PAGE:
Presentation on theme: "The History and Arrangement of the Periodic Table."— Presentation transcript:
The History and Arrangement of the Periodic Table
History of the Periodic Table ► 1869 – Dmitri Mendeleev (Russian Chemist) thought elements may have something in common. ► Organized the elements into a table ► Made each element a card and listed its properties known at the time (mass, density, color, melting point and valence number).
Dmitri Mendeleev (cont.) ► Mendeleev organized each card (element) according to its atomic mass ► Noticed a repeating pattern of valence numbers (1, 2, 3, 4, 5, etc.) ► Noticed elements fell into columns (groups or families) ► Noticed all elements in a column had the same valence number and showed similar physical and chemical properties.
Dmitri Mendeleev (cont.) ► Mendeleev left blank spaces in his table so elements would line up – he also predicted what properties the undiscovered elements would have. ► He predicted properties of five of these elements and their compounds. Three of these missing elements were discovered by others within 15 years. ► The element, atomic number 101, has been named after Mendeleev.
Henry Moseley ► 1913 – Henry Moseley (English Scientist) changed the arrangement of the periodic table. ► Instead of by increasing atomic mass, it was arranged by increasing atomic number (# of protons).
Arrangement of the Periodic Table ► Systematic arrangement of the elements ► Arranged by atomic number and properties ► Numbered groups/families are in vertical columns ► Periods are by amount of energy levels in horizontal rows (1-7) ► Divided into regions: metals, nonmetals and metalloids
Metals - properties ► Elements on the left side of the table ► Good conductors of electricity ► Shiny ► Ductile – can be drawn into thin wires ► Malleable – can be hammered into thin sheets and other shapes ► High melting point ► Tend to lose electrons
Nonmetals - properties ► Elements to the right of the zigzag on the table ► Do not conduct heat or electricity ► Dull in appearance (not shiny) ► Brittle or break easily ► Not ductile or malleable (cannot be drawn into wire or hammered into sheets) ► Lower densities ► Lower melting points ► Tend to gain electrons
Metalloids - properties ► Elements that are found along both sides of the zigzag line (except for Al) ► Properties of both metals and nonmetals ► Semiconductors - conduct heat and electricity better than nonmetals but not as well as metals ► Solids ► Can be shiny or dull ► Both ductile and malleable
Chemical Groups (Families) ► Elements that are in the same group or family (column) of the Periodic Table have similar properties because they have the same number of valence electrons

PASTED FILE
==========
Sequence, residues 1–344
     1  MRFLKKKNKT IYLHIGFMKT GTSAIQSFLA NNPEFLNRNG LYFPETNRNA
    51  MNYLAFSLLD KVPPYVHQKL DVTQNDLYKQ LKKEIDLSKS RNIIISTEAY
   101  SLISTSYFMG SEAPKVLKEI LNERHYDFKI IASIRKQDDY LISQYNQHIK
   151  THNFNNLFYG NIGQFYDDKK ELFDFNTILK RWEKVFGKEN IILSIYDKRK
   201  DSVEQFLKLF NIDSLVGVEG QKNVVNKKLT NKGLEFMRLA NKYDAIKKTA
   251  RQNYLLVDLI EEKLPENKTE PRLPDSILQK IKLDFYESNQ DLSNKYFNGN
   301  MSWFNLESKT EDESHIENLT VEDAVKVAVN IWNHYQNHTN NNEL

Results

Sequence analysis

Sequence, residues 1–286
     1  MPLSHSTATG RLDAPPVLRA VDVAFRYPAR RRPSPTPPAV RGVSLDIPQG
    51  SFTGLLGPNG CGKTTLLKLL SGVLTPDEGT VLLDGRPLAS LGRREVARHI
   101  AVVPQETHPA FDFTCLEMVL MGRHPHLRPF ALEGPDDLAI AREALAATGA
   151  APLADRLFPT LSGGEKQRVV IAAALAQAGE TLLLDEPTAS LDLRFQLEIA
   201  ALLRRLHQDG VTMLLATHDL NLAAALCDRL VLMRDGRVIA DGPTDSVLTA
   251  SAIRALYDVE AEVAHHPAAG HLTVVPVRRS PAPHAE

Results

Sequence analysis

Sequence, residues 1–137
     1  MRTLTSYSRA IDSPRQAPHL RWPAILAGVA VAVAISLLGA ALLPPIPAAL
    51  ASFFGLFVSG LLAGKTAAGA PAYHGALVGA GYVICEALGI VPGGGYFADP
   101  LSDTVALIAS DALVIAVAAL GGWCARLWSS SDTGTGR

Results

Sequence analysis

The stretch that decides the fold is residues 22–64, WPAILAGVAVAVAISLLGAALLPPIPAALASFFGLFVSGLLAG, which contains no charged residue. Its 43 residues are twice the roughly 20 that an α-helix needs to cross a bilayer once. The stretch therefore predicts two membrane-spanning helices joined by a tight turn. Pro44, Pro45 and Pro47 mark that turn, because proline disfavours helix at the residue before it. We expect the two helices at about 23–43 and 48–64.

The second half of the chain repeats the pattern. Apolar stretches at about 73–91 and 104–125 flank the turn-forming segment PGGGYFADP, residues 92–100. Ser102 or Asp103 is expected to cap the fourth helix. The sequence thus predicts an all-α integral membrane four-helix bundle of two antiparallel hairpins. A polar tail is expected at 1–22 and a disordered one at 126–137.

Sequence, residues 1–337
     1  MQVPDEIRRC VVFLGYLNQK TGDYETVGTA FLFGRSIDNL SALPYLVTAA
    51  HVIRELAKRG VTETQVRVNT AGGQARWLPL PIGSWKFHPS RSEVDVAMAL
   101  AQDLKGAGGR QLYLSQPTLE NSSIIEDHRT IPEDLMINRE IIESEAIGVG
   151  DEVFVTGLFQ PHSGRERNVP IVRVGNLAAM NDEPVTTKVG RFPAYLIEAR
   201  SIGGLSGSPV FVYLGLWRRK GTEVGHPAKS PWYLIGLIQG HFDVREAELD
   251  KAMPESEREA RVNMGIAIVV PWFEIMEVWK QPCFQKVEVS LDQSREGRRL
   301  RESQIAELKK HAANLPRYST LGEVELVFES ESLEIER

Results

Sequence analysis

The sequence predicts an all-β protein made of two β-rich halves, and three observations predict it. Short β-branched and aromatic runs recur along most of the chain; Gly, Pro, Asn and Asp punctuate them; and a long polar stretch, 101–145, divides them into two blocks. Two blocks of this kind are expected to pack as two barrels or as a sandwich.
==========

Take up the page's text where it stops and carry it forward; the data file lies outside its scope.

► 1 valence electron in outer energy level ► Very reactive, bond easily with other substances (unstable and explosive) ► Never found alone in nature ► Soft, silver-white, shiny ► Easily lose 1 electron to form a stable +1 ion ► Form ionic bonds Note: ► Hydrogen is a nonmetal gas, and forms covalent bonds. So why is it in this Alkali Metal family? Group (Family) 1 - Alkali Metals
Hydrogen is a nonmetal gas and forms covalent bonds. So why is it in the Alkali Metal family? ► The number of valence electrons = 1
Group/Family 2 - Alkaline Earth Metals ► 2 valence electrons in outer energy level ► 2nd most reactive elements, bond easily with other substances, unstable ► Never found alone in nature ► Lose 2 electrons to form stable +2 ions ► Form ionic bonds ► Combine with oxygen and other non- metals in the Earth’s crust
Groups 3-12 The Transition Metals ► 1 or 2 valence electrons ► Can lose and/or share valence electrons ► Common metals – gold, silver & copper ► Form metallic bonds ► Unpredictable
From Metals to Nonmetals (e - in outer energy level) ► Group 13Boron Group/Family3 valence electrons ► Group 14Carbon Group4 valence electrons ► Group 15Nitrogen Group5 valence electrons ► Group 16Oxygen Group6 valence electrons ► Group 17Halogen Group7 valence electrons ► Group 18Noble Gases8 valence electrons * Helium is a Noble Gas but has a full outer shell with 2 valence e -
Rare Earth Elements (Inner Transition Metals) ► First Row –Lanthanide Series - Rare Earth metals - Rare Earth metals - All but one is non-radioactive - All but one is non-radioactive ► Second Row – Actinide Series - Most are man-made and radioactive - Many are short-lived